Apollo Peppers – 7 Fascinating Facts You Should Know


If you are a fan of Hot Ones the YouTube show or a general fan of super-hot peppers, you most likely have heard about the Apollo pepper and probably have some questions. I have done my best to find answers to some of your burning questions, so I hope you enjoy this post!

Is the Apollo Pepper the Hottest in the World?

Unofficially, some have claimed that the Apollo pepper is the hottest in the world, ranking between 2.5 – 3.2+ million Scoville heat units. Others claim that Pepper X is the hottest at about 3.18 million Scoville units. As a comparison, the Carolina Reaper, the world’s official hottest peppers, ranks at 2.2 million Scoville units.

In either case, the Apollo pepper’s ranking is unofficial as it hasn’t been certified by the Guinness book of world records, which is the leading authority on the world’s hottest peppers.

Ed Currie, the creator of the Apollo pepper as well as the Carolina Reaper, probably won’t submit the Apollo pepper to get officially rated unless someone else creates a pepper that gets certified as hotter than the Carolina Reaper.

Close up of Last Dab Apollo Hot Sauce
This is a close-up photo of Last Dab Apollo hot sauce. If you are a big fan of scorching hot sauces, this is a must-try for you! Photo by Spicy Trio

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Who Made the Apollo Pepper?

The maker of the Apollo pepper is Ed Currie. He is the creator of other well-known peppers like Pepper X and the Carolina Reaper. He started growing pepper at home in the 1980s but got serious about growing and producing them for sale when he founded the Puckerbutt Pepper Company in 2003.

Where do Apollo Peppers Come From?

The Apollo pepper comes from Fort Mill, South Carolina, on Ed Currie’s pepper farm. Ed Currie made the Apollo pepper by crossbreeding two of his other pepper creations, the Carolina Reaper and Pepper X.

Fun fact: Ed Currie says he creates over 100 crossbred pepper hybrids each year with the hopes of finding two stable varieties in the process.

Where do Apollo Peppers Fall on the Scoville Scale?

The Apollo pepper’s Scoville heat rating has never been officially disclosed, but that hasn’t stopped people from trying to guess! The Apollo pepper is estimated to range between 2.5 to over 3.2 million Scoville Heat Units.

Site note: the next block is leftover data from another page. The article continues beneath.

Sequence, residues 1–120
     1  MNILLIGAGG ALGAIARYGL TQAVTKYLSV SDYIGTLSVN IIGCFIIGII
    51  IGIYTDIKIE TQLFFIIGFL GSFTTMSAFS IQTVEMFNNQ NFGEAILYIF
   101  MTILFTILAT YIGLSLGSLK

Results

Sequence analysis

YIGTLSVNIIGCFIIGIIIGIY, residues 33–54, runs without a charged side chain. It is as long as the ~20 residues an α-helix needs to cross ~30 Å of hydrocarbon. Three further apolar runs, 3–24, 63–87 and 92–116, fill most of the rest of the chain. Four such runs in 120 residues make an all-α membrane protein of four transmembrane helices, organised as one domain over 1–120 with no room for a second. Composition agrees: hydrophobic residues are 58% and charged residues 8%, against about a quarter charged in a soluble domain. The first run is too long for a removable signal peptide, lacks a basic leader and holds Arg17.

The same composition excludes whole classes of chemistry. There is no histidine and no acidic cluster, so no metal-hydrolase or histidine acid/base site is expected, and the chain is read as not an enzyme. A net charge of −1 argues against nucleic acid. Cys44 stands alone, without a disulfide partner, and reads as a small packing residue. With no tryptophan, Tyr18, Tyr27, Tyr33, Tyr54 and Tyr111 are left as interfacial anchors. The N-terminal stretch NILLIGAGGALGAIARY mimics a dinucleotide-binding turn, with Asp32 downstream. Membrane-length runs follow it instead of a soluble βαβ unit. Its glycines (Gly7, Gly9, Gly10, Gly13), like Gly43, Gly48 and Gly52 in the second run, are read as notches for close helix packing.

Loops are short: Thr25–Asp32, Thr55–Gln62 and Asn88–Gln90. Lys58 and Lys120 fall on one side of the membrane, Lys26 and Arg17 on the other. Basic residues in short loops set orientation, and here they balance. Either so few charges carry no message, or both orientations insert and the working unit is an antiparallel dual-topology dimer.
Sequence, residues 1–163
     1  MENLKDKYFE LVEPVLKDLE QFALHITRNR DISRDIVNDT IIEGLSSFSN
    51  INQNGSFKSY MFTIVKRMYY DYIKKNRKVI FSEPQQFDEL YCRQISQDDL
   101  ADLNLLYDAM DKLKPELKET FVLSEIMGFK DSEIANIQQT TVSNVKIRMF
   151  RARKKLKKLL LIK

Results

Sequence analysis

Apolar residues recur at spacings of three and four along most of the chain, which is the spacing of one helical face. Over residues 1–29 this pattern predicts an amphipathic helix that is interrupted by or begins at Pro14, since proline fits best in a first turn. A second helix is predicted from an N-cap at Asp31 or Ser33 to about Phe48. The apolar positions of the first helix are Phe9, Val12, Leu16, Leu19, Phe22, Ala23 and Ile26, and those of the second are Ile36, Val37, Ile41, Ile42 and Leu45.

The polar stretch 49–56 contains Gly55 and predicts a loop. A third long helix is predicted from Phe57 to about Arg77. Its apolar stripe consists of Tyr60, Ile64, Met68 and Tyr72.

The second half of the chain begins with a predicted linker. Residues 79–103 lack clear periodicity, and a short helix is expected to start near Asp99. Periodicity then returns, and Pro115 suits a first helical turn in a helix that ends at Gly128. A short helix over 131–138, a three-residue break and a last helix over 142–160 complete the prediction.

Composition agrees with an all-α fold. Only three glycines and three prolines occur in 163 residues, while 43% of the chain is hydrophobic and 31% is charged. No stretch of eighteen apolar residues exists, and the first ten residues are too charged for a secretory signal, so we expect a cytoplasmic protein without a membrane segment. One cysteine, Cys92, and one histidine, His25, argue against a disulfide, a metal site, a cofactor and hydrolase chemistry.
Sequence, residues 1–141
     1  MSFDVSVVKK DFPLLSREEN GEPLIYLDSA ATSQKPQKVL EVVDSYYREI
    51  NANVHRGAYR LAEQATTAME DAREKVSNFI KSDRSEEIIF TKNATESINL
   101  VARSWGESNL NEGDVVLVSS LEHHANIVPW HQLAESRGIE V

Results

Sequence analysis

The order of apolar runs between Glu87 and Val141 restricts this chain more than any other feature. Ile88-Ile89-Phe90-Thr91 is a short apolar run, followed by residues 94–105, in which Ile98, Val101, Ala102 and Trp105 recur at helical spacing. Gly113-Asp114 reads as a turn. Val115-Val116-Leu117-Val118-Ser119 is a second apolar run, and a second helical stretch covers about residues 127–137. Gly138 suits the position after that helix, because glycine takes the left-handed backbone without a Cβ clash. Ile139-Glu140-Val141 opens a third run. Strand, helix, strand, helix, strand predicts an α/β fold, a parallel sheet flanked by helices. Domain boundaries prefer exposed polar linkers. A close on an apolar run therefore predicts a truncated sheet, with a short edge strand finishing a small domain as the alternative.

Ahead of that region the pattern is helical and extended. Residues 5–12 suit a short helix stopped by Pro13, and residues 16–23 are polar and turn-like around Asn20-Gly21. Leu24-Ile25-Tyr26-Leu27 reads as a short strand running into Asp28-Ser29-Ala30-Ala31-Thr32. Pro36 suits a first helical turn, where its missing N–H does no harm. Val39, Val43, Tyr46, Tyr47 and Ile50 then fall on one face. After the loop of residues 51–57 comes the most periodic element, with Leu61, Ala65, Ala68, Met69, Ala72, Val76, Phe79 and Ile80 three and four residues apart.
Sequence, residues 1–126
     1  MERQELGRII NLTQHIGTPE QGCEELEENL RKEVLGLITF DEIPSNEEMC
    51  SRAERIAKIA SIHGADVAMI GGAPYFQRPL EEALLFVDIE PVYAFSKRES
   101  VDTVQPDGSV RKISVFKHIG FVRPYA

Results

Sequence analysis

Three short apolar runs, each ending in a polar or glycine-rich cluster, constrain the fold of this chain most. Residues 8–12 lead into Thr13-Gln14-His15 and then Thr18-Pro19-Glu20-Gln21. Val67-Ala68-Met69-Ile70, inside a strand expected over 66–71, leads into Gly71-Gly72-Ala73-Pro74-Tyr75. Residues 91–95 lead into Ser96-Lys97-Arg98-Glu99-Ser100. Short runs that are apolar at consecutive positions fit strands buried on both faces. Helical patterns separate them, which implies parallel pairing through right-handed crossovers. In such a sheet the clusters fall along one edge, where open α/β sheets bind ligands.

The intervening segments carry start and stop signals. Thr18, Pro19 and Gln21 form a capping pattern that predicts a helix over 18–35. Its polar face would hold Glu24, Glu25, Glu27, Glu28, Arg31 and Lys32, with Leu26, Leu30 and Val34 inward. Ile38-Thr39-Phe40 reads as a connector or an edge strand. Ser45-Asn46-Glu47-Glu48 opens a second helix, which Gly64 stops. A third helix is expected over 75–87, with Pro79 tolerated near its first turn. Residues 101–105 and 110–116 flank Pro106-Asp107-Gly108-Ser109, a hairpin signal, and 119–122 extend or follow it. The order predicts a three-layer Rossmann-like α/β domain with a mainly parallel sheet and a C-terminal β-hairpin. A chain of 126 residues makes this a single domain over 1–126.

From my personal experience, I’d say that 2.5 million to 3.2 million Scoville units is a reasonable approximation. I tried a dime-sized amount of the Last Dab Apollo hot sauce made with the Apollo pepper, and it was scorching!

I’d say I have a pretty good tolerance to hot peppers, but after consuming some of the hot sauce, my eyes immediately started to water, my stomach burned, and I felt like I was on the verge of severe heartburn and stomach cramps.

The burning sensation in my mouth lasted for about 30 minutes and over two hours in my stomach… this pepper is no joke.

If you want to try Apollo peppers, the only way you can is by buying the Last Dab Apollo Hot Sauce which you can purchase on Amazon and at certain hot sauce retailers. I recommend having something in your stomach before consuming this hot sauce.

Jalape_o_Pepper_Lines (4)
Jalape_o_Pepper_Lines (4)

Pro tip: Having some milk or yogurt on hand will help soothe the burn in your mouth and settle your stomach. I definitely reached for a cup of soothing, cold yogurt after my taste test!

Can you Buy Apollo Pepper Seeds?

You cannot buy Apollo pepper seeds anywhere – trust me, I’ve looked!

I don’t expect Ed Currie to release Apollo pepper seeds anytime soon, if ever. The reason is that he has built an incredibly successful brand with the Carolina Reaper and making some of his even hotter peppers available to the public would cannibalize his Carolina Reaper sales.

What Does the Apollo Pepper Look like?

No photos of the Apollo peppers have been released to the public.

One could imagine the pepper would look like a mix between the Carolina Reaper and Pepper X, the two peppers crossbred to make it. The texture is probably blistered and knobby like the Carolina Reaper. The exterior is perhaps a little glossy like most super-hot chili peppers. Based on the Last Dab Apollo hot sauces color; I’d expect the pepper to be an orangish-red color when mature.

This is just my best guess since I haven’t come across any photos or descriptions of the pepper or spoken to anyone with first-hand knowledge. Please let me know if you have run across such info; I’d love to hear about it!

Photo of Scorpion Peppers ripening on the vine
Photo of Trinidad Moruga Scorpion peppers. It’s interesting that many super hot peppers all have similar shapes and knobby blistered appearances.

Apollo Peppers vs. Other Hot Chili Peppers

The Apollo pepper heat is comparable to the intensity of the Carolina Reaper, Pepper X, and Trinidad Moruga Scorpion. All these peppers can clock in at over 2 million Scoville units. If you can handle the heat from Carolina Reapers, you can handle the spice of Apollo peppers.

Flavor-wise I thought it tasted pretty good when trying the Last Dab Apollo hot sauce. There were some complex fruity and smoky flavors in there, similar notes to the Last Dab Pepper X sauce.

Closing Thoughts

If you are still curious about the Apollo pepper, I recommend you check out my other article covering some additional topics about the pepper including how best to use the Last Dab Apollo hot sauce. If you want to read more about the Last Dab Apollo hot sauce, click this link for an overview/review on it.

Supriya

Hi! I'm Supriya. I'm a home cook, bulldog mom, spicy food lover, and founder of The Spicy Trio. I have been a home cook for about 15 years and have been growing plants for the past six years.

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